News for Summer 2002

Nottinghamshire Bibliography

The Nottinghamshire Bibliography, which is due to appear as the next volume in the Record Series, was due to be launched during local history week (4-11 May 2002), but printing delays meant that this had to be postponed. It is hoped the Bibliography will appear in the next month or two. It will be distributed free to members of the Record Section, and offered at a discount to members of the Society. Further details will be made available as soon as possible.

Nottinghamshire Heritage Gateway

This initiative, prepared with funding from Awards for All, is intended to extend the Society's website by including information of help to potential researchers, teachers and students of Nottinghamshire. Work commenced in March, and the first entries are expected to be on the Society’s website early in May. Steph Mastoris outlined the nature and aims of the Gateway to members attending the AGM, and more details will appear in the newsletter as sections of it are completed.

Southwell Workhouse and the Rev J.T. Becher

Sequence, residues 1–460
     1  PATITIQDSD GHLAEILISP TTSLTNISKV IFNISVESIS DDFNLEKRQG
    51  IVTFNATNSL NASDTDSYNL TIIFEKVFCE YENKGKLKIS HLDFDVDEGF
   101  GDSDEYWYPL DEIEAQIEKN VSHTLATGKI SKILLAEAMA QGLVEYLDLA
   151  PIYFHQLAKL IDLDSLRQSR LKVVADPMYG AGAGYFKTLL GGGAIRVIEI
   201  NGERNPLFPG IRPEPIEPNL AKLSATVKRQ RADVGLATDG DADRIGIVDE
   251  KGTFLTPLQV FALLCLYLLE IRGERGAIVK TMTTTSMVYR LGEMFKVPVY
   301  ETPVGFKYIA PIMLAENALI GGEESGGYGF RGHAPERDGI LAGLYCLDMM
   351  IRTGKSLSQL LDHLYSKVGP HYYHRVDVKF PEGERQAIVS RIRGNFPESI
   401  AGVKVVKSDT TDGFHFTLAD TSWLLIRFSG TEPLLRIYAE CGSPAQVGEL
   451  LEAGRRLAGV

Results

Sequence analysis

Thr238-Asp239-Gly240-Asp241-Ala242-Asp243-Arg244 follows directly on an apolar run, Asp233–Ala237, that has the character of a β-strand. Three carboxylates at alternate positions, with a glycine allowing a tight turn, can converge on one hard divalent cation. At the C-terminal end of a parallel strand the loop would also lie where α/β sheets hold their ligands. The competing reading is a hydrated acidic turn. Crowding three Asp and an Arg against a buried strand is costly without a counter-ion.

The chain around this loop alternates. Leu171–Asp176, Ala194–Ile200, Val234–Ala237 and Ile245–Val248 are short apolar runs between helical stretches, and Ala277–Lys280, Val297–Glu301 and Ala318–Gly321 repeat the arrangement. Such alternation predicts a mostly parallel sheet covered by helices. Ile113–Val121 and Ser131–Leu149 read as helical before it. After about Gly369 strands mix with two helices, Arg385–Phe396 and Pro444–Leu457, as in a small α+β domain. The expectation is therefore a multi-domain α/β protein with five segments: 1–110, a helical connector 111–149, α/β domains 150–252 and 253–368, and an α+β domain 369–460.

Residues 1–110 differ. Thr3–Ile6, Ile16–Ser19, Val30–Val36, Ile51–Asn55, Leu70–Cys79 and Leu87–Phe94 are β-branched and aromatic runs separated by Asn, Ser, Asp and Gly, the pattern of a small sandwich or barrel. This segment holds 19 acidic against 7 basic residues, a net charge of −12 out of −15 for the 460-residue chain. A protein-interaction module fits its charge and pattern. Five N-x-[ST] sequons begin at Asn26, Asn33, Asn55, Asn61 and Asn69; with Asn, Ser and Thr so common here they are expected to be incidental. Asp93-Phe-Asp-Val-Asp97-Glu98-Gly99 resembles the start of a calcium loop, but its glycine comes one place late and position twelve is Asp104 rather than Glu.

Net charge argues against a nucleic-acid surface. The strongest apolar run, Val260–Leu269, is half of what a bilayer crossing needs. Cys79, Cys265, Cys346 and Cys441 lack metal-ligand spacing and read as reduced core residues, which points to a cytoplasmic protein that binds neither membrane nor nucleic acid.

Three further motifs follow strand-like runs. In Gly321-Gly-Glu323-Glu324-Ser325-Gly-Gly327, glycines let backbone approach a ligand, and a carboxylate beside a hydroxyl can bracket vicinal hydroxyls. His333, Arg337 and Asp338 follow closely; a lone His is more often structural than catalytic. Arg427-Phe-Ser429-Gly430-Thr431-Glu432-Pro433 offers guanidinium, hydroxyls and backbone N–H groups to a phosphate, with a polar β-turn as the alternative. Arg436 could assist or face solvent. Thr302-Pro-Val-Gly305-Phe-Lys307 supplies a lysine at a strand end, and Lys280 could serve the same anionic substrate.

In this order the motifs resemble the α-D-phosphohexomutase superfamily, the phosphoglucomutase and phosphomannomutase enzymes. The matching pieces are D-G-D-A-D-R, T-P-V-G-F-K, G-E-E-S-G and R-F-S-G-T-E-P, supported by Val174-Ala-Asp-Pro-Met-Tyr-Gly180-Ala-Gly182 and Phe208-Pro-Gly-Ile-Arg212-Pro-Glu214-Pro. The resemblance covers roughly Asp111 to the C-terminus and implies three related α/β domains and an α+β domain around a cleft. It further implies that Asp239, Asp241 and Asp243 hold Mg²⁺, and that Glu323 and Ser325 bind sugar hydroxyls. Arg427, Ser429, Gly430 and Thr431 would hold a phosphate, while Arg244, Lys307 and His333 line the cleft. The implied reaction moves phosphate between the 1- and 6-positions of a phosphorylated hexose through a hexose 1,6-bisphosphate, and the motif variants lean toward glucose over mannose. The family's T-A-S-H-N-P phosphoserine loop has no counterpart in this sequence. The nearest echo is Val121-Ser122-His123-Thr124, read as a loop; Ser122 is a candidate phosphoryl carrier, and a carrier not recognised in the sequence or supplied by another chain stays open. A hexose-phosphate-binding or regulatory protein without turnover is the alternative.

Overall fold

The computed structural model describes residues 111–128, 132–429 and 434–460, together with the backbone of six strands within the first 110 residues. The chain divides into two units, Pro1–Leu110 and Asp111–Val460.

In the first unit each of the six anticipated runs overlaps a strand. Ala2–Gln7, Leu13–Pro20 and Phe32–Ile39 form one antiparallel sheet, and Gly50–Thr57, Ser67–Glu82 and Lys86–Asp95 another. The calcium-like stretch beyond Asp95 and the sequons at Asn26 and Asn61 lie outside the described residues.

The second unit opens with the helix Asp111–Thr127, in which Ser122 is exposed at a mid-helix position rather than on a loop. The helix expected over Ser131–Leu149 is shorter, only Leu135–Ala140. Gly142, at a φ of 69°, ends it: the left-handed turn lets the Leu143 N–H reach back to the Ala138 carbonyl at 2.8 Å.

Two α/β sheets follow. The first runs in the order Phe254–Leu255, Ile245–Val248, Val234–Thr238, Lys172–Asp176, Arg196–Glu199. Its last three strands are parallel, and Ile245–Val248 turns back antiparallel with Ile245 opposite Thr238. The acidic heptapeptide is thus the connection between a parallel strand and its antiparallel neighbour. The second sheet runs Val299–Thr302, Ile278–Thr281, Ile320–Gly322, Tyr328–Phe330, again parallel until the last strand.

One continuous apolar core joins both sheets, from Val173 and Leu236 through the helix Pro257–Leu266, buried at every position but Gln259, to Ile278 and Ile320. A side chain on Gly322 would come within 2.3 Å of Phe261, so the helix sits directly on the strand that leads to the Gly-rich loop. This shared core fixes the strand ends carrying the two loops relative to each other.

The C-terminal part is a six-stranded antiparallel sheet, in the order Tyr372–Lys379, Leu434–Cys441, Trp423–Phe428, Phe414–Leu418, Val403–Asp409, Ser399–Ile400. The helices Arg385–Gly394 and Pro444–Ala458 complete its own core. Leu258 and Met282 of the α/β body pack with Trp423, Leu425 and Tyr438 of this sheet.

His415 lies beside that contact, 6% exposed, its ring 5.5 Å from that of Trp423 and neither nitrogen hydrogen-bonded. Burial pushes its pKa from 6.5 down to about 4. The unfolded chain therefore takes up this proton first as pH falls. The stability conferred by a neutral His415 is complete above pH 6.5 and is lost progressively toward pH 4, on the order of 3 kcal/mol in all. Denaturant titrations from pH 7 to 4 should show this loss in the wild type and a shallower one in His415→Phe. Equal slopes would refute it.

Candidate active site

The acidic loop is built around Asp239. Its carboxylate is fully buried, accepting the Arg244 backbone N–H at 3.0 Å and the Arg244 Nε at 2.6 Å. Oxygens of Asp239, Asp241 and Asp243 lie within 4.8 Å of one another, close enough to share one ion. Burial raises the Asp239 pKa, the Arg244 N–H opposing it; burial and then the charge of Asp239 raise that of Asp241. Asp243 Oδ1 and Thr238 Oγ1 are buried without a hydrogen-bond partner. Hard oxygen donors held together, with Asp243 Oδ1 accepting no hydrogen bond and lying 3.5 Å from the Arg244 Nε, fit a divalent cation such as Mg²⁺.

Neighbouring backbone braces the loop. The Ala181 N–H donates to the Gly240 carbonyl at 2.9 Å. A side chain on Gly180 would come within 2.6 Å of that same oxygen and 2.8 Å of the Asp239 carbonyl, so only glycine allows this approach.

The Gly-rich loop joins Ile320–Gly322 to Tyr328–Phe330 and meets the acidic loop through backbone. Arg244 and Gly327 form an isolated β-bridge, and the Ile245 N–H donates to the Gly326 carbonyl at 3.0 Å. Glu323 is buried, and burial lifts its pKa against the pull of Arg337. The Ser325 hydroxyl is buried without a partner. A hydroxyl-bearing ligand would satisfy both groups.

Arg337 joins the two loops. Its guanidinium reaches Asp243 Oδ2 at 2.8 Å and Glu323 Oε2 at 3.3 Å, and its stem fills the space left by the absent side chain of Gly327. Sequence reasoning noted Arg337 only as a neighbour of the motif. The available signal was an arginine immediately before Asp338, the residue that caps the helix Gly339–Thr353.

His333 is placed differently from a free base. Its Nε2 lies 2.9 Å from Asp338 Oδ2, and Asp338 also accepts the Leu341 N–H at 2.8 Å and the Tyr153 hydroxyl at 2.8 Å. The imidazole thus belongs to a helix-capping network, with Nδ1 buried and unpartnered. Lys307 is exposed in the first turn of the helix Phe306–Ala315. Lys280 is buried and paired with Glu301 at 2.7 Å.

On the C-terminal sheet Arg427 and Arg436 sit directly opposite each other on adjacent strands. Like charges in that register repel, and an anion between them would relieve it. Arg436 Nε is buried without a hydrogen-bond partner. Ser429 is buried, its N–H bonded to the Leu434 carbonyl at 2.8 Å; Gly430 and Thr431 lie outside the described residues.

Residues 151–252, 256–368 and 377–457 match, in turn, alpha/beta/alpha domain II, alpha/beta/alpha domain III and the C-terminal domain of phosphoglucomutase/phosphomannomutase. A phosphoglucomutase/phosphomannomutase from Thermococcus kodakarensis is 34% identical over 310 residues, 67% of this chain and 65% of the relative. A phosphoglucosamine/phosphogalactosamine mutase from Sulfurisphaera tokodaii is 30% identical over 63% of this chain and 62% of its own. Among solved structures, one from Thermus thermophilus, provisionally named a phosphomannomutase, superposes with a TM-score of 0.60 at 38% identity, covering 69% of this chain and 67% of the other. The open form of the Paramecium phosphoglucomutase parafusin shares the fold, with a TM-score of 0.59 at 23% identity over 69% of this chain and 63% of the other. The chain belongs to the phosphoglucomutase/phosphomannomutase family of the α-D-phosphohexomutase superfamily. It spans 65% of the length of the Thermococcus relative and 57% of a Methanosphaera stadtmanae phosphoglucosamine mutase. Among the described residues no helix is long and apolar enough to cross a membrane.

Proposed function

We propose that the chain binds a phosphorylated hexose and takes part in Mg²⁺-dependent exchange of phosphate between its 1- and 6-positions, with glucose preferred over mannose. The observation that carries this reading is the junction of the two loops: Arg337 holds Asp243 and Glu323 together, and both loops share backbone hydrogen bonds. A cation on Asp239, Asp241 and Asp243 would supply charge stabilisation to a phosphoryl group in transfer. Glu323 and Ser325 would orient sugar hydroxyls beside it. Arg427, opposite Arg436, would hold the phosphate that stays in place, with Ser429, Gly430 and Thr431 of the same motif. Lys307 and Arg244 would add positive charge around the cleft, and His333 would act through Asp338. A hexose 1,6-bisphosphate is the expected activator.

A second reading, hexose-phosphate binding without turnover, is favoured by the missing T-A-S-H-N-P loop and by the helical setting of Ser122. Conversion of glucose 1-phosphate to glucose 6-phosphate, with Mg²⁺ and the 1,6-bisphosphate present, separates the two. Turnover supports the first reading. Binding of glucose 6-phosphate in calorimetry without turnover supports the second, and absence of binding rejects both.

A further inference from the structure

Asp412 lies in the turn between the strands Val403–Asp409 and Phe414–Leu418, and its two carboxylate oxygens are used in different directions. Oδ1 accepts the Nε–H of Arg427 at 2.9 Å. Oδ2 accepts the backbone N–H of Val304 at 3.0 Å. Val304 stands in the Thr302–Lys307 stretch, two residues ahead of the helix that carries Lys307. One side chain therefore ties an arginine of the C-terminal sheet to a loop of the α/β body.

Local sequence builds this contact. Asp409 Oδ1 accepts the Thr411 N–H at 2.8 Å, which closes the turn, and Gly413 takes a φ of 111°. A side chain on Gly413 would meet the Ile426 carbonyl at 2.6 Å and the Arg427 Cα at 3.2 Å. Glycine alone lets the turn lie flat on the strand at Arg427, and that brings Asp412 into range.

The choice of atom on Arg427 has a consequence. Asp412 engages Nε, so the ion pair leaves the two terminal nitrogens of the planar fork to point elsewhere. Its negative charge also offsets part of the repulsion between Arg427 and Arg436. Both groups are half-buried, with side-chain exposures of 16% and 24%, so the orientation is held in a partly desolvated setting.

In March this year the first visitors were admitted to the National Trust’s refurbished Thurgarton Incorporation workhouse. Members will know a good deal about this project, not least from Susanna Smith’s stimulating lecture to the Society in 2001. It is open 12-5 Tuesday-Sunday, and well worth a visit. Tel. 01636-817250 for further information. The inspiration behind the workhouse was the Rev. John Thomas Becher, and he is the subject of a new book, written by local historian Julie O’Neill. Julie writes that ‘Reverend John Thomas Becher was a well known figure in Nottinghamshire in the first half of the nineteenth century, He is best known as one of the county’s poor law reformers whose experimentation in stopping the payment of outdoor relief to the poor and introducing the workhouse test became a model for the rest of the country through the New Poor Law. However, Becher’s work as a Poor Law reformer has been misrepresented and misunderstood. He was involved in a wide range of activities as magistrate, clergyman, advocate of self help, botanist and friend of Byron, and the book presents a view of the Rev Becher as a social reformer, humanitarian and superb administrator who could be relied upon to get things done.’